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Investigation and development

The development of the modern lagundi-based drug was the result of ongoing NIRPROMP research and development (R&D) on herbal medicines. R&D has been directed fundamentally by UPM researchers, including Dr. Nelia Maramba and Dr. Conrado Dayrit, and has focused on the clinical validation of traditional medicines such as lagundi for use in the manufacture of medicines symptomatic (treatment that focuses on the symptoms of the ailments, and not on the cause).

This is achieved by isolating the active ingredient to develop the associated drug from it. When the investigations began, the lagundi was not one of the highest ranked candidates on the list of preferences.

In fact, after conducting a first review of several research projects focused exclusively on traditional medicine in the Philippines, the R&D team discovered more than 500 projects related to the isolation of active ingredients from plants without any of them having been market successfully.

Lagundi plant

Dr. Dayrit suspected that one of the main reasons these active ingredients were never marketed as products was that consumers were generally unaware of what plants they were made from and how those ingredients were transformed into medicines.

In his opinion, this lack of information generated mistrust among consumers in relation to companies trying to make new medicines from relatively unknown plants, so that R&D should focus exclusively on traditional medicine made from known plants and in which the population trusts.

  1. Lagundi plantAfter conducting a consumer survey, the research team found that while people are generally wary of medicines made by unknown companies from unknown plants, what many people do trust is herbalists.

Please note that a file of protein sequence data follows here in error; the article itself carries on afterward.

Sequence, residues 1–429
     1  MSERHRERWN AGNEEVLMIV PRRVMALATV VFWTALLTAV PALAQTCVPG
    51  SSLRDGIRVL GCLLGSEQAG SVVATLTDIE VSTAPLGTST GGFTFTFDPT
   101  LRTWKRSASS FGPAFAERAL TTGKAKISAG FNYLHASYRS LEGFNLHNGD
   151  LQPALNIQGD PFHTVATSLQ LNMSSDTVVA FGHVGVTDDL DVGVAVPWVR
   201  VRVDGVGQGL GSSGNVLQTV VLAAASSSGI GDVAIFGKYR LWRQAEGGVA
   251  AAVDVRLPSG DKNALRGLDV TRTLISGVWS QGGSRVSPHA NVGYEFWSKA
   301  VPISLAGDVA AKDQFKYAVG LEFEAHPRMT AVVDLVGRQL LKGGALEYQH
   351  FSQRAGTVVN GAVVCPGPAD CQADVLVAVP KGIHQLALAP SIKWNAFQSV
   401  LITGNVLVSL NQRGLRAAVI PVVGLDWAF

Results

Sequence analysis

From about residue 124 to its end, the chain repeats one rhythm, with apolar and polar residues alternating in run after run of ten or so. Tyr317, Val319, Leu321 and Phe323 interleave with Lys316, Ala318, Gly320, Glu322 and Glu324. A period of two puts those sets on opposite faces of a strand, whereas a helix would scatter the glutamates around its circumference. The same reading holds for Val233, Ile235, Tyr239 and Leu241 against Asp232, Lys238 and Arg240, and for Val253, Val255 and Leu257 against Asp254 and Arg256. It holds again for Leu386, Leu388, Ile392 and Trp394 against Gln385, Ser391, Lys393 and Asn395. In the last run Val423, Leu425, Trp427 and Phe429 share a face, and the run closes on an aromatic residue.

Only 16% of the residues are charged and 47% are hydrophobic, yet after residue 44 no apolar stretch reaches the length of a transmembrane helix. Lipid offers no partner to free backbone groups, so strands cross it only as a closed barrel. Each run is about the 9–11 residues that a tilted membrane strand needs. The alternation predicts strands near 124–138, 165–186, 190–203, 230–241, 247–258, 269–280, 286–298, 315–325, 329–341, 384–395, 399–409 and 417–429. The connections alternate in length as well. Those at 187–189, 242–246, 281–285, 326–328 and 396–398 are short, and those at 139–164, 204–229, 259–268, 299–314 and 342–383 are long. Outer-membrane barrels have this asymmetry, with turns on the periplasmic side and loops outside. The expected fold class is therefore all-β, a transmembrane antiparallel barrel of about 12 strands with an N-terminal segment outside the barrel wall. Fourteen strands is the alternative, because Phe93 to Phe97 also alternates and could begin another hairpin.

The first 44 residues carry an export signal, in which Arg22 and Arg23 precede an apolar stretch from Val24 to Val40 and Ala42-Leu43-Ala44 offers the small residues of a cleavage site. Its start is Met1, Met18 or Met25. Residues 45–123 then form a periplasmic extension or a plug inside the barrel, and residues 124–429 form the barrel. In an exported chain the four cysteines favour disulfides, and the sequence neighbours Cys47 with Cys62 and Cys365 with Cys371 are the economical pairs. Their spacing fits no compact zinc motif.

2. This shifted the focus of R&D from journal articles from various research programs to herbalists, and NIRPROMP began collecting data on folklore and conducting scientific tests to validate herbalist revelations.
  3. With the help of the National Science and Technology Authority at the University of the Philippines at Los BaƱos, between 1977 and 1982 NIRPROMP conducted a survey of herbalists to identify herbal preparations with promising medicinal properties.
  4. Interviews were conducted with 1,000 herbalists and the herbs they used and the side effects they produced were recorded in detail. Of the 1,500 plants that were identified, NIRPROMP was able to scientifically validate that 480 of them had beneficial medicinal properties.

Another R&D project was carried out jointly based on the information provided by the herbalists. The participants in this project dumped the records of the Department of Health to discover what was the leading cause of morbidity at that time. The data collected was used to prioritize symptoms or illnesses that plant-based medicines would be most likely to treat successfully.

The researchers found that among the most common symptoms that had the potential to be treated with traditional medicine were respiratory problems.

With this arsenal of data, the researchers came up with five criteria to check on the plants: safety, efficacy, quality, availability of raw materials, and propagation studies of the raw herbs. The first three criteria were necessary to ensure that medicines were safe and effective, while the last two were intended to ensure the sustainability of supplies for R&D, clinical trials and subsequent commercialization.

A long and careful review of each of the 480 plants was then conducted and NIRPROMP identified 10 that could be scientifically validated to be safe, effective and sustainable.